Ireland/Britain 1998 day 10: Dingle Peninsula

I’m much more active the next day – 29 January 1998 – beginning with a visit to Foxy John’s, a hardware store/bike shop/pub where I hire a bike for the day. Following a loop route in my Rick Steve’s guidebook, I head out to Slea Head, the westernmost point in Europe. Along the route there’s the dramatic scenery of steep cliffs and ocean views as well as the cultural ruins of antiquity. Some of the latter include the Fahan clocháns, stone huts expertly built without mortar the resemble beehives or igloos. These were once used as habitations and still shelter the sheep that wander freely over the peninsula.

At Slea Head itself, a point marked by a stone crucifix and a statue of the Three Mary’s weeping, I’m amazed that the sheep are standing on the steep cliff itself in a place I didn’t think sheep could even get to much enjoy grazing. The sea is dotted with jagged rocks known as the Blasket Islands, once home to community of rugged islanders. Sadly the Blasket Islands Interpretive Center and the ferry to the islands themselves are closed for the season.

Heading back inland I pass through the village of Ballyferriter where Ireland’s official bilingualism is abandoned and all the signs are solely in the Irish language. The sun is already starting to set so I decide not to stop and cheat myself of a uniqiue cultural experience. The final site on the tour is Gallarus Oratory, a small stone church resembling an overturned boat that may date back as far as 800 AD. I get chills thinking of the small community worshiping here over a thousand years ago.

Back in Dingle, I shower off the offensive smell I’ve gained while peddling around the Slea Head loop. Jessica, Amy, and I head out An Droichead Beag or the Small Bridge Pub, which true to its name is built over a bubbling stream. The music is good (they even sell an excellent recording called A Mighty Session) and the company is even better. Jessica and Amy try to fix me up with the local women (they both have boyfriends at home) with little success and mostly we enjoy conversing. Jessica even offers to let me stay at her flat in Paris. I accept the offer and start thinking of ways to revise my itinerary to piece in a side trip to Paris.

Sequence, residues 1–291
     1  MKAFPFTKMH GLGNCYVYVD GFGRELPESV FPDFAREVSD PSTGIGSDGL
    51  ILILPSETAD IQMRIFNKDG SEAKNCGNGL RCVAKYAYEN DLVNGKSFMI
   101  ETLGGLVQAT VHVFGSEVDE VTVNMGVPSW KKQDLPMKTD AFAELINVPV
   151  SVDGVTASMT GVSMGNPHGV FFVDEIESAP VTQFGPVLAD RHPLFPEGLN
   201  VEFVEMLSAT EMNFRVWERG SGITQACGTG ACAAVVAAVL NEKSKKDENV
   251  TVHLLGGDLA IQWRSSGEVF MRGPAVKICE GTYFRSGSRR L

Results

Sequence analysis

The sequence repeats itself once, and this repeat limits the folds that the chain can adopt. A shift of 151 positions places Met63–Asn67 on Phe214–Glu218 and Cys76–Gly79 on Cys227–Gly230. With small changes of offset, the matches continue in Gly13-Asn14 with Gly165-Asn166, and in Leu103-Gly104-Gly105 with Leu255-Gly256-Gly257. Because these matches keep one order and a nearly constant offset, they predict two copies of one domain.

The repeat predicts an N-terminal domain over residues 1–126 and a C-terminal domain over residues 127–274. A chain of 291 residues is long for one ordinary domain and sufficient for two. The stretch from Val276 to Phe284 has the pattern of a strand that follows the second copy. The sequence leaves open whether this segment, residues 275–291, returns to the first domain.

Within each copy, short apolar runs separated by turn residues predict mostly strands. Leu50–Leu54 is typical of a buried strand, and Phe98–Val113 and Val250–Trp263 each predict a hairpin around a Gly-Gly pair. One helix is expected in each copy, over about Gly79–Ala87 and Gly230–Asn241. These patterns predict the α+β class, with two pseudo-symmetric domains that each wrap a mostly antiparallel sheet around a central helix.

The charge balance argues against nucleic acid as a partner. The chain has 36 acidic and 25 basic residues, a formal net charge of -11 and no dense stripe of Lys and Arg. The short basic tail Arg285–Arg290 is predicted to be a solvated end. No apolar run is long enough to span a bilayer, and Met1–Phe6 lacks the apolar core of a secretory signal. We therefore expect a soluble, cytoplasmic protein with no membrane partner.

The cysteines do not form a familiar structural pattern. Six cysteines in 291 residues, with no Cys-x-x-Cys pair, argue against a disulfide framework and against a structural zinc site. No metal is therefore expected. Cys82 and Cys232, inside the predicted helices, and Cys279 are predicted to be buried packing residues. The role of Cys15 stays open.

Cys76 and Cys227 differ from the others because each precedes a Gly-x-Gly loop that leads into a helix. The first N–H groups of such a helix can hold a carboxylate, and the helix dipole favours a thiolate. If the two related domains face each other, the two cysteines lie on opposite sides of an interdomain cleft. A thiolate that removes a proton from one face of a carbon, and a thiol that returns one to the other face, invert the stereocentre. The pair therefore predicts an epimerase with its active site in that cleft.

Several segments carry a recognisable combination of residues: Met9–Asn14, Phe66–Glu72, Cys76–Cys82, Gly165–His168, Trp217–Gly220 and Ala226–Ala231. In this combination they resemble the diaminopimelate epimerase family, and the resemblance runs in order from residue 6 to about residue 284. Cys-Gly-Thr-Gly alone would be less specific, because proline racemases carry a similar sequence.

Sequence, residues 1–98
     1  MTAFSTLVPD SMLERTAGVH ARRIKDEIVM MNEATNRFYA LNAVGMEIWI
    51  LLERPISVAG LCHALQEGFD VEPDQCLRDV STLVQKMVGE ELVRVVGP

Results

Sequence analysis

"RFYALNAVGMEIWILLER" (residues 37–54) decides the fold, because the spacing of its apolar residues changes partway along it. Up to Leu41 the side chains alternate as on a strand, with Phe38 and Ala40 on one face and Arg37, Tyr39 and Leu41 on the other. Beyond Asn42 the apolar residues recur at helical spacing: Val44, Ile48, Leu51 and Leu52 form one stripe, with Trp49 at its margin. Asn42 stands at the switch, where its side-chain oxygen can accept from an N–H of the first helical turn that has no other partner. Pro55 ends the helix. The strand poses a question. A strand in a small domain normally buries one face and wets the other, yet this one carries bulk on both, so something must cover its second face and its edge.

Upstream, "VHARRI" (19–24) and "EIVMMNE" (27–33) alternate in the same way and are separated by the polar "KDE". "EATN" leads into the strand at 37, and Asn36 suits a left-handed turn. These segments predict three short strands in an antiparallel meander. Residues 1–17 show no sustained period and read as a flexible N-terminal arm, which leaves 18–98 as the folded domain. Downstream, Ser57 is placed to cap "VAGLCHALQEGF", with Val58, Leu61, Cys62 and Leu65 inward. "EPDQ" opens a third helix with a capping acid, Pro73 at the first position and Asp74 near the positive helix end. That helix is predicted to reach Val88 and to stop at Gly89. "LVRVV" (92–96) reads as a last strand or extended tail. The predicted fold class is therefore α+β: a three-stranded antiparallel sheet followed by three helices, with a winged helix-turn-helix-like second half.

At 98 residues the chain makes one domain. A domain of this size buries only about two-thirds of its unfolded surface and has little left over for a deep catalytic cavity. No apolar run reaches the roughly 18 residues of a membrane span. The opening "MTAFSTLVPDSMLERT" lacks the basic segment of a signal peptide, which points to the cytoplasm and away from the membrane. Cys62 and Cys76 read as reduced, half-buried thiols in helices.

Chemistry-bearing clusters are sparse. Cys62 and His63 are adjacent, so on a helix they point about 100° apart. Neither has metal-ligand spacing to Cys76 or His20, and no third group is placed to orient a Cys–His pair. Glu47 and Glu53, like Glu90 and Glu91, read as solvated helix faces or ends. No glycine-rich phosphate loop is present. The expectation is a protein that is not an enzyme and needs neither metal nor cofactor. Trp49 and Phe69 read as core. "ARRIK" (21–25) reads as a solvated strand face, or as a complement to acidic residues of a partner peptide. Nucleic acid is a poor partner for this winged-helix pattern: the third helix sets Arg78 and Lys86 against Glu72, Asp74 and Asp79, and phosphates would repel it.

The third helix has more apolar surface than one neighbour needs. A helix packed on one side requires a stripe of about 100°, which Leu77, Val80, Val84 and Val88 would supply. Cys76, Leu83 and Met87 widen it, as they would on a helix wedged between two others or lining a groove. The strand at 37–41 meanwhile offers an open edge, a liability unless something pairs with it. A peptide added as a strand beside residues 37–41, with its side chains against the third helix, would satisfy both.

My time in Dingle turns out to be much the opposite of my time in Killarney, quiet, contemplative, and understated. I enjoy it all the same and consider Dingle one of the loveliest places on Earth.

Bicylcing to Slea Head
Pedaling to Slea Head. I was so proud of myself for managing to get this shot with the self-timer.

Slea Head Sheep
Baaa! How did these sheep get out on this cliff?

There’s no subtlety in Irish warning signs.

Ireland/Britain 1998 day 9: Dingle

Early in the morning of 28 January 1998, I board a bus in Killarney to Tralee and from there another bus to Dingle the main town on the Dingle Peninsula. The entire journey takes about 6 hours since Dingle is a bit off the tourist path, especially compared to Killarney. This is one of the reasons its worth visiting. Another is that the peninsula falls in a Gaeltacht region, a place where the Irish government supports traditional language and culture. A big draw of course is that the small town of 1,500 is home to over 50 pubs which are renown as some of the best pubs in Ireland for Irish trad. Many of the pubs do double duty including Dick Mack’s which is part pub and part leather-working shop.

On Pa’s recommendation I check into the Grapevine Hostel, a pleasant and cozy place to stay albeit quiet compared to the Súgán. There I meet up with Sonia, a young and attractive German woman I met on my first night in Killarney. She spent last night in Dingle and is heading out again on the next bus. We go shopping together in Dingle, each time we enter a store Sonia bellows out “Hello!” in the European fashion. I end up purchasing a blue woolen sweater, a charcoal gray lambswool scarf, and a little knit cap that rolls up much like the on Pa was wearing (I still wear all three of these articles of clothing). These prove to be practical purchases as the temperatures during my time in Dingle dip down into the 30’s and 40’s, the coldest of my entire six weeks of travel.

Back at the Grapevine I meet up with Jessica again as well as a Canadian woman named Amy. They determine that it is too cold to go out, so I end up going out alone for a lonely pint and somewhat subduded music at a pub called Teach Thomáis. Then I call it a night.

Fisherman working with their nets on the Dingle Harbor.

Sonia and I agreed that port towns like Dingle and Hamburg are the most beautiful places to visit.

A wrecked ship on the Dingle waterfront.